Justine owes lots of money to collectors after her rich daddy passed away leaving her in debt. Marcus is certain she’s a money-hungry you-know-what. But he will get to know the truth eventually about her, as, despite his reluctance, he finds himself helplessly attracted to her. And Justine is gaga for Marcus. So hesitantly, the two pursue a romantic relationship.

The title of this book was a bit misleading, even though Marcus’ is a wealthy mega multi-millionaire, Justine is certainly not his kept his mistress.

I enjoyed Justine’s character development. She was much younger than Marcus but had a maturity that belied her youth. She had wit and charm. As for Marcus, he was good… maybe too good to be true. I like Lee’s nice guys a lot; for example, I adored Elliot from Knight to the Rescue. Although sometimes, Lee’s nice guy heroes come on too “beta.” I prefer her (rare) bad boy heroes.

Still, this Harlequin Presents makes for an enjoyable, quick read. Miranda Lee is almost always entertaining.

Category Romance Review: Simply Irresistible by Miranda Lee

Simply Irresistible by Miranda Lee category romance
Simply Irresistible by Miranda Lee
Rating: four-half-stars
Published: 1993
Illustrator: Unknown
Published by: Harlequin, Mills & Boon
Genres: Category Romance, Contemporary Romance
Pages: 195
Format: Paperback
Buy on: AmazonAbeBooks
Reviewed by: Introvert Reader


Category Romance Review: Simply Irresistible by Miranda Lee

The Book

Simply Irresistible by Miranda Lee had everything: sex, humor, and romance. The Australians was a special short run of Harlequin books featuring sexy heroes from the Outback.

If you have never read Harlequin Presents, then maybe this isn’t your style of book, but I loved it!

Simply Irresistible by Miranda Lee
Simply Irresistible, 1993, Mills & Boon edition

The Plot

Vivien gets cruelly dumped by her boyfriend and three days later ends up in the arms of the very sexy Ross Everton at the Bachelor and Spinster’s Ball.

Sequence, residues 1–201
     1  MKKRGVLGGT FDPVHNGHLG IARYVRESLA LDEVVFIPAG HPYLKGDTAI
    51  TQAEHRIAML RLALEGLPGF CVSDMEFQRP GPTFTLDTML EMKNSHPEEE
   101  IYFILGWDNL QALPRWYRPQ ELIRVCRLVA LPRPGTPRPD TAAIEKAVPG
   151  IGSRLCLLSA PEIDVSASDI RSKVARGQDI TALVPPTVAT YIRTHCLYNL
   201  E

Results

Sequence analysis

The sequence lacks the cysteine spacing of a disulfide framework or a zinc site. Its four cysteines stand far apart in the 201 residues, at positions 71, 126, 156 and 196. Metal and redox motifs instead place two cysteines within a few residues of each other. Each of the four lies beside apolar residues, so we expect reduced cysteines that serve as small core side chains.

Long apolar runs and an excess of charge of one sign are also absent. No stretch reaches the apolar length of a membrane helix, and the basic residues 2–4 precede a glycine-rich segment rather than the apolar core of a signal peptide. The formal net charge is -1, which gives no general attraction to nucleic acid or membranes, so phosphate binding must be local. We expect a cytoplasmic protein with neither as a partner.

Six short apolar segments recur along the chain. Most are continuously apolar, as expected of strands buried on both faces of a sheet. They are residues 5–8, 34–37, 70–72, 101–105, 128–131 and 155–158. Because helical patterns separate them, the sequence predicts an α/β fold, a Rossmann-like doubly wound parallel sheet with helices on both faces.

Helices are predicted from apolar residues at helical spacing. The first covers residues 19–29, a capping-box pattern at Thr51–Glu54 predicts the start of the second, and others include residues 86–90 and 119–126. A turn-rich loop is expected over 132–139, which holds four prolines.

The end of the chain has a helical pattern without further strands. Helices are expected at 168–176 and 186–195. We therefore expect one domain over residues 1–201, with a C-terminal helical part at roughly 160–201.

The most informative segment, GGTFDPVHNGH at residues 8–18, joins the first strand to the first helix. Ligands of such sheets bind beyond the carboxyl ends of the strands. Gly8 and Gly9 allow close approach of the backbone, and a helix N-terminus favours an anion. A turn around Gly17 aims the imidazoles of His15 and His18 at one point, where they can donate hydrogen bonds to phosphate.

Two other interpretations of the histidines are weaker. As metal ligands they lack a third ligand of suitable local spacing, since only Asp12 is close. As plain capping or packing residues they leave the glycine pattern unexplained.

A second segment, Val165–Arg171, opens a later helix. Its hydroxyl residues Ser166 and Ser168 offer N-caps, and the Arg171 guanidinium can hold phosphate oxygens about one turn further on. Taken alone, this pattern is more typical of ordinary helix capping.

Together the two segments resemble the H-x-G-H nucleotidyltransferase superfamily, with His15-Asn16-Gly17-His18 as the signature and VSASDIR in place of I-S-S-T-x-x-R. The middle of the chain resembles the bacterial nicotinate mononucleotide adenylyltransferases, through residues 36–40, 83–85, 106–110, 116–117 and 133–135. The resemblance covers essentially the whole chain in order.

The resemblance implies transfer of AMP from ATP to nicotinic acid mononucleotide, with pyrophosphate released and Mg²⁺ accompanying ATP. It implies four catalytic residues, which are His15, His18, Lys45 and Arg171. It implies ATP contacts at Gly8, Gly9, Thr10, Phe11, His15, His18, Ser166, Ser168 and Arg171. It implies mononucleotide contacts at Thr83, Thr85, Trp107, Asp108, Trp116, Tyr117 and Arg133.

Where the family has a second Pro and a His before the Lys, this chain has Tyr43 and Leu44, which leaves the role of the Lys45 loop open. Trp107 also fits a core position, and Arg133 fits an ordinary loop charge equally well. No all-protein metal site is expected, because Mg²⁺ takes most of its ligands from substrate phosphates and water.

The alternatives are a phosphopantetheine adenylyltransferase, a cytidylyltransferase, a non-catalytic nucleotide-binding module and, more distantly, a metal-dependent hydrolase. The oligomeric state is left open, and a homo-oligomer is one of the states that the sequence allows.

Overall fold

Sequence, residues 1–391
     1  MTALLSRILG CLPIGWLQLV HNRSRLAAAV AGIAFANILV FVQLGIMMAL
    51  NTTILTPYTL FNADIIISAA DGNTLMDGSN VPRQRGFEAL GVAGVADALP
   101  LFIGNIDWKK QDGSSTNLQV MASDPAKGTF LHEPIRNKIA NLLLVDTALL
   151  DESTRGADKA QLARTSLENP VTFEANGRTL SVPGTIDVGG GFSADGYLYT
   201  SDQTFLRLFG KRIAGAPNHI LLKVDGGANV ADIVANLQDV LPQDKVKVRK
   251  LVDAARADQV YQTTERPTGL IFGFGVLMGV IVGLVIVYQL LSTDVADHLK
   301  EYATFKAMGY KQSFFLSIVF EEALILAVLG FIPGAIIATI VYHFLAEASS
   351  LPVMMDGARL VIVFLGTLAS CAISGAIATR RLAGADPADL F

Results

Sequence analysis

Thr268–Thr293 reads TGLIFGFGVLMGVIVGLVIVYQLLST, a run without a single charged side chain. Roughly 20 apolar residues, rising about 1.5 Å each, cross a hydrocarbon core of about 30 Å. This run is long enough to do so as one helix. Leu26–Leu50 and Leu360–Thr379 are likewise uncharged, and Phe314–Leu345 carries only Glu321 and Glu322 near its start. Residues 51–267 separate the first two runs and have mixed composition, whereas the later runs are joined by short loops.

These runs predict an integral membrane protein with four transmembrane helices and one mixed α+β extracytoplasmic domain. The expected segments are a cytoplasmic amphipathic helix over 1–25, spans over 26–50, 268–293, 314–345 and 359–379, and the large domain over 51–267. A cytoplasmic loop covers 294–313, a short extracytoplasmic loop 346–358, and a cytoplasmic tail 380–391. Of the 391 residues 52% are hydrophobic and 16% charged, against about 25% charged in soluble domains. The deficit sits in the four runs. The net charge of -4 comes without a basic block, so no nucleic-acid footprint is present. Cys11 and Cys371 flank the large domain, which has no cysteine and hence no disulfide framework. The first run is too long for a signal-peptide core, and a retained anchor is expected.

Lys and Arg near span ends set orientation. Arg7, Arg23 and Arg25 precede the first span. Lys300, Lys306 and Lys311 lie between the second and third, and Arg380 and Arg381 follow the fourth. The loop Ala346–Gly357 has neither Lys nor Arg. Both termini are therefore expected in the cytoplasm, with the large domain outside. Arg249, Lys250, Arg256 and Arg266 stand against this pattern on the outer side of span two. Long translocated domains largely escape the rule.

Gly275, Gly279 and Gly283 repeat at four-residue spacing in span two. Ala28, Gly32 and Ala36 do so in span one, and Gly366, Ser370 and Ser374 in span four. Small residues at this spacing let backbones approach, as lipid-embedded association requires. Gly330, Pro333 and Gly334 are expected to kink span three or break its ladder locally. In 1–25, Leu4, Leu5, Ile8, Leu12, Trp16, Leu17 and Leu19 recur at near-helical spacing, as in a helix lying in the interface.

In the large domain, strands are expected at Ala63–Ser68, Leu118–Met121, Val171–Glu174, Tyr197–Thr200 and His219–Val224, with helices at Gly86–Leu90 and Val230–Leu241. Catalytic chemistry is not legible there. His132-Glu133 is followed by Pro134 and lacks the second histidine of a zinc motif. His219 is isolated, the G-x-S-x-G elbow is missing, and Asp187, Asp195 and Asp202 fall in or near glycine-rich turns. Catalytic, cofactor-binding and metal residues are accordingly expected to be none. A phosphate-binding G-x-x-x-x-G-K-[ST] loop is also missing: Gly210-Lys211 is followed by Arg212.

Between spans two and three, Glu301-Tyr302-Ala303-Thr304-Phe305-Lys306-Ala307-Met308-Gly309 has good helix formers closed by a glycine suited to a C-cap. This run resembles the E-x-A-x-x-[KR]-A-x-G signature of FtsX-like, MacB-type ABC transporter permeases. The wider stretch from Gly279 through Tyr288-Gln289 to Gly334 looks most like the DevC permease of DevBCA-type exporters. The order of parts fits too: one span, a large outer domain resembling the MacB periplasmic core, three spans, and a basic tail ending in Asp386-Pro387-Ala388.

They have an amazingly intense one-night stand, then go their separate ways.

When Vivien finds out she’s pregnant, he’s determined to do the honorable thing, even though Ross had another woman waiting in the wings. In fact, the very night she calls him to tell him of their impending parenthood, he had just proposed to his new girlfriend to marry him!

Their shotgun wedding turns from a marriage of convenience into a sexual relationship. But is their physical attraction all Ross and Vivien share? Can they make it last forever?

Final Opinion on Simply Irresistible

This plot has been done countless times before, but with Miranda Lee’s witty dialogue and the simply irresistible hero, it comes off very fresh.

Simply Irresistible is definitely a keeper.

Rating Report Card
Plot
4.5
Characters
4
Writing
4.5
Chemistry
4
Fun Factor
4.5
Cover
4
Overall: 4.3

Synopsis

Ross Everton was the sexiest single guy the Outback had to offer! The most eligible man at the annual Bachelors’ and Spinsters’ Ball, the handsome rancher knew WHO he wanted – and he wanted her NOW!…

Vivien Roberts thought she was a streetwise Sydney girl, but dancing in Ross’s arms made it hard to be sensible – and after tonight they might never meet again…

But neither would forget their one night together: Vivien was expecting Ross’s baby. Irresistible sexual attraction was one thing…being married was quite another!